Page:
Sierra Leone’s population is very young at average, with an estimated 41% under 15 and 39% between 15 and 35. Most people live in rural areas, but with an urbanisation trend of 3%, the country is becoming more urban. As a result, the city services are under a lot of pressure.
Education in Sierra Leone is obligatory for all children and officially “free of charge”. The education norm is to receive at least six years at primary level and three years in junior secondary education. But a shortage of schools and teachers, and a general lack of resources have made this implementation extremely hard.
Two-third of the adult population in Sierra Leone is illiterate. During the civil war, 1,270 primary schools were destroyed, and as a result, in 2001, 67% of all school-aged children were out of school. Since then, the country has made some big steps and the situation has improved significantly. Between 2001 and 2005, primary school enrolment has doubled and since the end of the war many schools have been reconstructed. Although the number of children in primary education has greatly increased since the end of the civil war, according to the UNDP Human Development Report 2016 , the rate of completion of children in primary education is only 47,8%. The rate of educational completion of girls is even lower, partly due to cultural beliefs in some areas of Sierra Leone where education for girls is not supported.
The quality level of schooling is poor in all aspects. Teachers are ill equipped with resources and they often do not possess appropriate teaching skills. As a result, the education level of students is far below the level of their western peers. This is one of the main reasons for the high unemployment rate among Sierra Leonean youth.
Sierra Leone’s tertiary education system is not in a much better condition. The polytechnic institutions are supposed to provide the technical and vocational education as well as training programmes. However, they have not been able to effectively help young people find and keep a job. Often due to the lack of quality education, but also due to the high fees which students have to pay for their courses. A lot of youths find themselves without actual practical skills.
Skilled labour is highly valued and in demand by employers. There is especially a high demand for well-trained and mid-level professions, like teachers, electricians, technicians and computer programmers. But unfortunately, for most young people the combination of the poor quality of their education, the lack of social skills, parental or environmental encouragement and critical thinking, result in long-term unemployment.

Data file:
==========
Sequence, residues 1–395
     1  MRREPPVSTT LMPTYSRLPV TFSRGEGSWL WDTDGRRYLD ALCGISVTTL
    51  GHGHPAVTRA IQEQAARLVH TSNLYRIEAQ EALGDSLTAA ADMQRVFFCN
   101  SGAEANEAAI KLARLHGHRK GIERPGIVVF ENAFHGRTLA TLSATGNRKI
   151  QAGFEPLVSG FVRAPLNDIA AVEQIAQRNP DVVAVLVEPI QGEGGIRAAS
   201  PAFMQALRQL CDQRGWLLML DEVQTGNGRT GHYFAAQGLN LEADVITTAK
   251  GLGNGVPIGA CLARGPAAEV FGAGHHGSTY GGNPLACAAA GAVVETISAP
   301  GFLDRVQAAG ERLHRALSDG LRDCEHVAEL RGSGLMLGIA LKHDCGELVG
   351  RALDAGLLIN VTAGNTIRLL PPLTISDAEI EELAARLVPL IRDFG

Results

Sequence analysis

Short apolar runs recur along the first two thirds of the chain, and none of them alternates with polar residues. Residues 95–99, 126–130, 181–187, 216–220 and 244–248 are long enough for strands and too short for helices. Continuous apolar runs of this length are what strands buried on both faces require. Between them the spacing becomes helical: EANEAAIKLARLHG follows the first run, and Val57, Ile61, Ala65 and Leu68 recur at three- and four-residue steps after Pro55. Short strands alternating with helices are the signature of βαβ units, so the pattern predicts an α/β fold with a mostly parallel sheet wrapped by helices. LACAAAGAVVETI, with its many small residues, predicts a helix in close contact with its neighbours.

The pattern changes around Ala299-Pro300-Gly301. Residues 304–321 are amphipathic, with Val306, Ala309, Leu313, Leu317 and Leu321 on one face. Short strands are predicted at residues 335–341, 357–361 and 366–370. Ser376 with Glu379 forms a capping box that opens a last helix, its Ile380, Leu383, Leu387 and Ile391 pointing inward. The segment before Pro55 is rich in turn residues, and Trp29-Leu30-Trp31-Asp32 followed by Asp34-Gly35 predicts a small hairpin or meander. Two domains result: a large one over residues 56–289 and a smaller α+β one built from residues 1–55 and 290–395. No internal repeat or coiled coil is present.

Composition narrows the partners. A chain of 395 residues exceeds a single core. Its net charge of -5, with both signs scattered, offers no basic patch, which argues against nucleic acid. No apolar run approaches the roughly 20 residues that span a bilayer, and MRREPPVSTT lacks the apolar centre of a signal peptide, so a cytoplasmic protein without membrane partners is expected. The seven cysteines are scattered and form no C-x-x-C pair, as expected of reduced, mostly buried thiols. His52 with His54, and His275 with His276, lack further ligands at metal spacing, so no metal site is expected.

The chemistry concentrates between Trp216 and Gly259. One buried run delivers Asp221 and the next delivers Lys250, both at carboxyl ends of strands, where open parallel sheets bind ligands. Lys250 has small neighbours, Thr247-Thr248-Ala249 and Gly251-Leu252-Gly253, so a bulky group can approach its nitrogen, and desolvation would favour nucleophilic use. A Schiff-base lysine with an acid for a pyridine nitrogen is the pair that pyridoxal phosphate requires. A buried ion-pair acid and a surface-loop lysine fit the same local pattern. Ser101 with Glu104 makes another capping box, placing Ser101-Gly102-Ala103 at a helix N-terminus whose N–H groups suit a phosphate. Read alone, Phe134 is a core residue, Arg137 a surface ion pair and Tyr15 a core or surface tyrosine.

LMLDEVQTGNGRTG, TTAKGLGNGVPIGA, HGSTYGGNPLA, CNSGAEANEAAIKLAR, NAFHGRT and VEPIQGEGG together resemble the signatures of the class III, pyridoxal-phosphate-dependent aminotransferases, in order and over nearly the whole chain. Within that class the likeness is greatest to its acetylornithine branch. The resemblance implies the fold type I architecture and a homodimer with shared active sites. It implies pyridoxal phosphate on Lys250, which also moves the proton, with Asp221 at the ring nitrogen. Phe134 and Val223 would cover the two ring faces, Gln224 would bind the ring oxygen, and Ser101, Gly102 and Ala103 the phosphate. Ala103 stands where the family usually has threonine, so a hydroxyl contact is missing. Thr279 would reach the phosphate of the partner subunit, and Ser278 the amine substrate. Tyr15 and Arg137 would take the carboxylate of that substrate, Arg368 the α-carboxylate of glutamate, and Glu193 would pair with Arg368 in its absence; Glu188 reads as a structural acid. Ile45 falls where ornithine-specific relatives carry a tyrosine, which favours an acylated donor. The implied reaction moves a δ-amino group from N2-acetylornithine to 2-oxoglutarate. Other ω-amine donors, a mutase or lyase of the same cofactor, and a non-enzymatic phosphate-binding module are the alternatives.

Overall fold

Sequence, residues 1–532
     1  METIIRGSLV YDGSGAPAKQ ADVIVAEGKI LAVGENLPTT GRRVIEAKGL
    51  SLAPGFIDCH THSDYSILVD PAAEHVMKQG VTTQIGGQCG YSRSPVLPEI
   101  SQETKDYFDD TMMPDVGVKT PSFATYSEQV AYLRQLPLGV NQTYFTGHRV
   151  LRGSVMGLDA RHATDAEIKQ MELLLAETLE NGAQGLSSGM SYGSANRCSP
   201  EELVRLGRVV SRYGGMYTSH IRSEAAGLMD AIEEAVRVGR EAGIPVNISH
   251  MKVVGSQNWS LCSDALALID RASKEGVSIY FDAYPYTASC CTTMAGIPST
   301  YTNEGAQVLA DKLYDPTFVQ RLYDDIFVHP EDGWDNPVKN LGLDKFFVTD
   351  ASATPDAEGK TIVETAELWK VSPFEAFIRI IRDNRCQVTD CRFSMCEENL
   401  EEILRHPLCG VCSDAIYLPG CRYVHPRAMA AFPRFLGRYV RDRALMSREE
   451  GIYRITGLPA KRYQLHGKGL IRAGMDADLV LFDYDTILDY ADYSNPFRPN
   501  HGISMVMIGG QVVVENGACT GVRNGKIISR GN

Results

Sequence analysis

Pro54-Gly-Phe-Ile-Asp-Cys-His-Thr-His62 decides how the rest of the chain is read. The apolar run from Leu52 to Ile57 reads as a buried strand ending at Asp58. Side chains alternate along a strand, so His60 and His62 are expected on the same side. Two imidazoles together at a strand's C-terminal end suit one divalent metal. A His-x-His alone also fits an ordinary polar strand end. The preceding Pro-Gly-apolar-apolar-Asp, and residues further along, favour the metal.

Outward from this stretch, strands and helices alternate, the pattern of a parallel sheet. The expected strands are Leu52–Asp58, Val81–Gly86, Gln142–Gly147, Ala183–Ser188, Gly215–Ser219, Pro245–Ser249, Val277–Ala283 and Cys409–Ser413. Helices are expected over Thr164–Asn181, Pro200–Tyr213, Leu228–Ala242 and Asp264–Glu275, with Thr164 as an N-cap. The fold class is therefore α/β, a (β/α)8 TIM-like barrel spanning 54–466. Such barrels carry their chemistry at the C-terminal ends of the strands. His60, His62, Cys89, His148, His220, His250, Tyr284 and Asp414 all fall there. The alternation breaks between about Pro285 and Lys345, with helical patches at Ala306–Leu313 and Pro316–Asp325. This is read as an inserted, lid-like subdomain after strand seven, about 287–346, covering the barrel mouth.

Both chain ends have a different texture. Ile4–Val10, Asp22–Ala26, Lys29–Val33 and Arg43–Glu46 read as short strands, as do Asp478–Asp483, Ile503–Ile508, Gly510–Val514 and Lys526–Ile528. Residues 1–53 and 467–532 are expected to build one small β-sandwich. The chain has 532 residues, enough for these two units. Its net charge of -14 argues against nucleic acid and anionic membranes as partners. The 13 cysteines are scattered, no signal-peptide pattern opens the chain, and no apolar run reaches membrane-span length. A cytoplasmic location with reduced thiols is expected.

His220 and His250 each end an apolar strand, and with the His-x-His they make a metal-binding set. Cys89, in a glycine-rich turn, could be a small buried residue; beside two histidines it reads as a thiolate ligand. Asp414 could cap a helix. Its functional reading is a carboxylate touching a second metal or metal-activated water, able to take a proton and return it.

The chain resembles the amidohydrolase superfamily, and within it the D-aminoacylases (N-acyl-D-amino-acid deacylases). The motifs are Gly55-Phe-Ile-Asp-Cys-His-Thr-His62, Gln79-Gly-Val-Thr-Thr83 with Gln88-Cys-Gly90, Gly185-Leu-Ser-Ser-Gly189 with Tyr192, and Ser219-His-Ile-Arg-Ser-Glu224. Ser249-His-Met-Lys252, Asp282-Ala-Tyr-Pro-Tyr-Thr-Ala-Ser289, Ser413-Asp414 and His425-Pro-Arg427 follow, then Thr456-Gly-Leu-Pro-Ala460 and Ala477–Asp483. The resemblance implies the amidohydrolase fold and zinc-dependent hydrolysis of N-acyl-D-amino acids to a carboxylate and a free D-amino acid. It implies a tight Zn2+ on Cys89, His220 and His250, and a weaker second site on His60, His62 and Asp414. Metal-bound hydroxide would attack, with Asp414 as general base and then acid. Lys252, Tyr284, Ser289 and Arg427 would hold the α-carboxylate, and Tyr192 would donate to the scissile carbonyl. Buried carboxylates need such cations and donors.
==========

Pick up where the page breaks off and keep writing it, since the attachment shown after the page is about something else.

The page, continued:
The unemployment rates are high in Sierra Leone, with an average of 70% of the youth (15-35 years old) being unemployed or underemployed. An estimated 800.000 youths were searching for jobs in 2012. Especially in the urban areas young people struggle to find meaningful employment. Young people in the cities are three times more likely to be unemployed than their rural peers.
Sierra Leone society still reflects great gender-biased inequality with only 16.8% of adult women having accessed secondary or higher education, compared to 29.7% of men (UNDP). Only 30% of youth between are active on the labour market. 32.6% of youth are illiterate and/or unskilled. For this group, it is especially hard to find a job, and enjoy a sustainable life and income. Often these youths turn to the streets and try to sell or trade something to make a living. Some engage in a life of crime and/or prostitution, leading to a number of problems within the country, like teen pregnancies and a rise in crime. A decade after the end of civil war, the UN has said that mass youth unemployment poses a great threat to the country’s peace and stability.
Within this gap, Schooling for Life is going to make a difference. With the “Skills for a Successful Future” programme, Schooling for Life wants to deliver well-trained young people to the labour market of Sierra Leone. Schooling for Life will improve vocational capabilities and stimulate critical thinking with the ultimate goal to equip a young person to become a productive member of society. Therewith, assisting with the reconstruction and development of the country.
Republic of Sierra Leone
Motto: “Unity, Freedom, Justice”
Anthem: High We Exalt Thee, Realm of the Free
|Vernacular languages||• Temne
|Ethnic groups||• 35% Temne
• 31% Mende
• 8% Limba
• 5% Kono
• 2% Krio (Creole)
• 2% Mandingo
• 2% Loko
• 15% Others
|Presidential constitutional republic
Julius Maada Bio (SLPP)
– from the United Kingdom
|27 April 1961|
– 2012 estimate
– Per capita